Anyway, onto my WIRED roundup with: Fewer Voters, Better Elections by Joshua Darvis.  Scrap the one vote per person system and run it like clinical trials where 100,000 people are randomly selected to vote.  This is certainly one way to implement voting reform… Personally, I think it would be interesting to have a different representative system.  Currently, congressional representatives in the U.S. are elected based on a geographical area, with the idea being that particular elected official accurately represents his or her

Almost All the Wired Magazines Ever Published
I don’t consider myself a hoarder, but I do keep my WIREDs.  This is not my collection, but maybe one day…(Photo credit from flickr: outtacontext)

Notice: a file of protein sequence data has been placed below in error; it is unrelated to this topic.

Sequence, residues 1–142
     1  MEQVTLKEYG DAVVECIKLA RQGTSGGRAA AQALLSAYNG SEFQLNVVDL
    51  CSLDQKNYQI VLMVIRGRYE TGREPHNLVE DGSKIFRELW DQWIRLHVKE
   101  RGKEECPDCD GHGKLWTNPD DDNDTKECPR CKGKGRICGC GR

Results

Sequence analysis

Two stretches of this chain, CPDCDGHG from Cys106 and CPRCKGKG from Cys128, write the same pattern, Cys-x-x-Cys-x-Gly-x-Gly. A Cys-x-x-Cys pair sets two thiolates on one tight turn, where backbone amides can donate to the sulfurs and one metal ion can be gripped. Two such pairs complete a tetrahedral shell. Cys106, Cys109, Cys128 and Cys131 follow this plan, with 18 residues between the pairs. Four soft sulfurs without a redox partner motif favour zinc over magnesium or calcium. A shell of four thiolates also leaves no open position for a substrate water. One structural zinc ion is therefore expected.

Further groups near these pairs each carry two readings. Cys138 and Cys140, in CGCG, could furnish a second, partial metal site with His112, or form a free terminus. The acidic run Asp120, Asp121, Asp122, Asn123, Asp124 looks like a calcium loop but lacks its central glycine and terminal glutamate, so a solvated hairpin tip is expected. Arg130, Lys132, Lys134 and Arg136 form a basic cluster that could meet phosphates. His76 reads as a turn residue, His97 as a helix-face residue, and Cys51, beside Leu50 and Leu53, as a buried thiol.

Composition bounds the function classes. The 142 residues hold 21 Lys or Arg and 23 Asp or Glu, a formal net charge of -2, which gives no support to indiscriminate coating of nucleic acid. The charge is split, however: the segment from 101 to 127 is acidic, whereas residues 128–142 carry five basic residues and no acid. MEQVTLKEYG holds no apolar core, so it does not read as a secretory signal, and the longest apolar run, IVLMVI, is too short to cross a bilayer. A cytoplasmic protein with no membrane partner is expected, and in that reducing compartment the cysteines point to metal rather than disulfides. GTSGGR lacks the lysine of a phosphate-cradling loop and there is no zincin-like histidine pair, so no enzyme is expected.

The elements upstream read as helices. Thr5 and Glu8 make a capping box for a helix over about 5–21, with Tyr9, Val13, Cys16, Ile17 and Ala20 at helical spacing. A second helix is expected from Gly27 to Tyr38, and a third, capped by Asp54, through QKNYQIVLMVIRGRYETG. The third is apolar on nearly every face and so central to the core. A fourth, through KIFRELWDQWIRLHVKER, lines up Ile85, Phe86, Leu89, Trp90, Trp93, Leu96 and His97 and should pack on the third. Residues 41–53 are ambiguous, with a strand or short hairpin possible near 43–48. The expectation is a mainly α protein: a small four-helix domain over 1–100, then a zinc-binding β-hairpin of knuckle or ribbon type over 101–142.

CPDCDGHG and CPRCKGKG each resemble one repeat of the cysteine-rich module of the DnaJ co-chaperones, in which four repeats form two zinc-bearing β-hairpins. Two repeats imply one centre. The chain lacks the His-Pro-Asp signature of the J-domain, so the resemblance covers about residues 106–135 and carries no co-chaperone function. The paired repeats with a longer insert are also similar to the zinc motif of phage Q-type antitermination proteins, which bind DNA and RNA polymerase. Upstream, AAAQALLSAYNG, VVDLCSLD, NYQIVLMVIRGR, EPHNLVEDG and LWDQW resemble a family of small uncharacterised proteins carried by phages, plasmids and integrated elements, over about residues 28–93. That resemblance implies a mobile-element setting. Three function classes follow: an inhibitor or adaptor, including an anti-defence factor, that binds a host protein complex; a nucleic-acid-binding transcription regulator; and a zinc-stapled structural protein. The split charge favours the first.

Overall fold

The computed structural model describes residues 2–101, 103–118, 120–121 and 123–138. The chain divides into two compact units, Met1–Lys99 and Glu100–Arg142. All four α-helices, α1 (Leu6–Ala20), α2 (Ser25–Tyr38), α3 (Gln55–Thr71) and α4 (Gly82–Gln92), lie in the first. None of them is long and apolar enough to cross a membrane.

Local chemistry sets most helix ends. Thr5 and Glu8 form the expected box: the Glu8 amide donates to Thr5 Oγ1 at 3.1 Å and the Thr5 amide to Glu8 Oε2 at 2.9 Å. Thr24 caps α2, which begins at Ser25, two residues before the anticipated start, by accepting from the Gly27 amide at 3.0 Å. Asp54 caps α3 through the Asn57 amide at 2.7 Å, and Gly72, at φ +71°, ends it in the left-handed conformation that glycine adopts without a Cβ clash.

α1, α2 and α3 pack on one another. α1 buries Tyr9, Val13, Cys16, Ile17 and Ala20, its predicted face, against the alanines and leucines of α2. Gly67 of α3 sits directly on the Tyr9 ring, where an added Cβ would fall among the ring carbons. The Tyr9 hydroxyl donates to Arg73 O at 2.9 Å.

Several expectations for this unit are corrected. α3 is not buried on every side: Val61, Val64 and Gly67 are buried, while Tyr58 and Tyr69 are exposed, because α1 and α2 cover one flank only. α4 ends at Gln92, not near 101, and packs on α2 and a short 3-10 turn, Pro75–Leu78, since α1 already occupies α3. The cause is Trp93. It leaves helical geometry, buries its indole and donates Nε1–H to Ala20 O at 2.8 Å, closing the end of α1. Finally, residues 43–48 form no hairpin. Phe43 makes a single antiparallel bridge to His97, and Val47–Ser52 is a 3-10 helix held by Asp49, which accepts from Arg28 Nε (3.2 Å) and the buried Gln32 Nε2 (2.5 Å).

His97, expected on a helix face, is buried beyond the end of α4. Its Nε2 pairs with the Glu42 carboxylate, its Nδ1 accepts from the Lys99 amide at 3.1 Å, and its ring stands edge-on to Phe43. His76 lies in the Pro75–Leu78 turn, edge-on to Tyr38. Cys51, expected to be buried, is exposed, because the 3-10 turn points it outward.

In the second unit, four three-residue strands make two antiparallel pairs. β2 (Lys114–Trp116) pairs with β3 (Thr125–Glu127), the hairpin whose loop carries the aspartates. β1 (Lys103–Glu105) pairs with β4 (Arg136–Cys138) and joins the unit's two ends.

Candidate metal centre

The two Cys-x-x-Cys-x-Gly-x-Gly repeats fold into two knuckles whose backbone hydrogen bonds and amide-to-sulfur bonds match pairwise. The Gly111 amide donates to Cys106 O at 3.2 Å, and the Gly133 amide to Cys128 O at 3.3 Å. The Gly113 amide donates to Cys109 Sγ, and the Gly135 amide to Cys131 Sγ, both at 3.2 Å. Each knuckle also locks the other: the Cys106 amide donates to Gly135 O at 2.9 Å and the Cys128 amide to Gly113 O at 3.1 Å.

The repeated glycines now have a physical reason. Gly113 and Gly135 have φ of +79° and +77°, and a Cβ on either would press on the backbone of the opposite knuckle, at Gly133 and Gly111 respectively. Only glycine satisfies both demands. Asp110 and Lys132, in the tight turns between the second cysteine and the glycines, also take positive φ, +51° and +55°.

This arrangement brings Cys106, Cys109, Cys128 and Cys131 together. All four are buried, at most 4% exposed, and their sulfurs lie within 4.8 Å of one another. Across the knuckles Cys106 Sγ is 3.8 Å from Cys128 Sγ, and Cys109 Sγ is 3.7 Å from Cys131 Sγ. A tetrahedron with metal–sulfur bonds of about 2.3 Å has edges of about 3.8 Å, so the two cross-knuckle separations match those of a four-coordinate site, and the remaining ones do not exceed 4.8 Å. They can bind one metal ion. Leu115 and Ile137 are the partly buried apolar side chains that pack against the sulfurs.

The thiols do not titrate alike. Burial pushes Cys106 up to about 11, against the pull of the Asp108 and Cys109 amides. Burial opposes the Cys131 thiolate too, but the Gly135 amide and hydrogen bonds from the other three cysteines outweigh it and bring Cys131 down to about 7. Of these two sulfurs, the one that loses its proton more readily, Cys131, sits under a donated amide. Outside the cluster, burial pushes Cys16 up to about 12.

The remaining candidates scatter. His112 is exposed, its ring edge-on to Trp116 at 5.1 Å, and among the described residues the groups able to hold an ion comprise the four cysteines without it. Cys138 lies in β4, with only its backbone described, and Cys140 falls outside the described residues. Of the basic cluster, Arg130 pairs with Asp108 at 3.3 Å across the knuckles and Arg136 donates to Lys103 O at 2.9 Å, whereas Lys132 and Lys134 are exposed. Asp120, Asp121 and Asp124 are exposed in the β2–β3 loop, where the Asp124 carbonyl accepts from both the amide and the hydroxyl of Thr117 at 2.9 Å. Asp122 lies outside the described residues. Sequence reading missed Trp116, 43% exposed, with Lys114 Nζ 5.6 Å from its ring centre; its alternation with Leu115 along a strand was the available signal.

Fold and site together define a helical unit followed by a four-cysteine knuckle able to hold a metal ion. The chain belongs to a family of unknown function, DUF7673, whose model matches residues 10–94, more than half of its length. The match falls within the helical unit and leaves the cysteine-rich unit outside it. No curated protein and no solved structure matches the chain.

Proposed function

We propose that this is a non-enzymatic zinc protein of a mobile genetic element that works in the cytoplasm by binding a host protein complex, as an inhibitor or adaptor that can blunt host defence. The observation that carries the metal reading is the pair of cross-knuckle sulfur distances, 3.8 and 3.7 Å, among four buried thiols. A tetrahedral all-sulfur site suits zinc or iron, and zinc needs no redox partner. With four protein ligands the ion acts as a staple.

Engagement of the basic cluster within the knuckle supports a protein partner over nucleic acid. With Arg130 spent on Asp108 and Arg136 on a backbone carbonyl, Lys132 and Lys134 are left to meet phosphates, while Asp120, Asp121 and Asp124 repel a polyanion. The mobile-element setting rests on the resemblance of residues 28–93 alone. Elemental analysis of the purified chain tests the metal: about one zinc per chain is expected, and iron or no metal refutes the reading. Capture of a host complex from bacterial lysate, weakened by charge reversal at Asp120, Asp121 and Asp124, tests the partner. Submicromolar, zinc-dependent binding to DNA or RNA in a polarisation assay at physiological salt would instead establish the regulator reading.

constituents based on location.  But what about if we had representatives based on profession?  I feel that I agree with more software engineers than I do my neighbors.  Passing thought experiments for sure as I doubt any reform is up-and-coming in the voting arena.

In a short product review, apparently the Bodum Bistro 11001 Coffeemaker is the thing to get these days.  Me, I’ve switched to a french press.  Mainly out of necessity since in my current living arrangement, I do not have a counter.  Essentially coffee makers are expensive heating elements.  They look nice, but basically they drip water and then keep it hot.  So, $250 seems a bit steep for me when there are cheaper ways to heat water.  I also use a burr grinder and keep my coffee in a mason jar.  I’m suddenly realizing I’m living in the 1890s, or in Portland.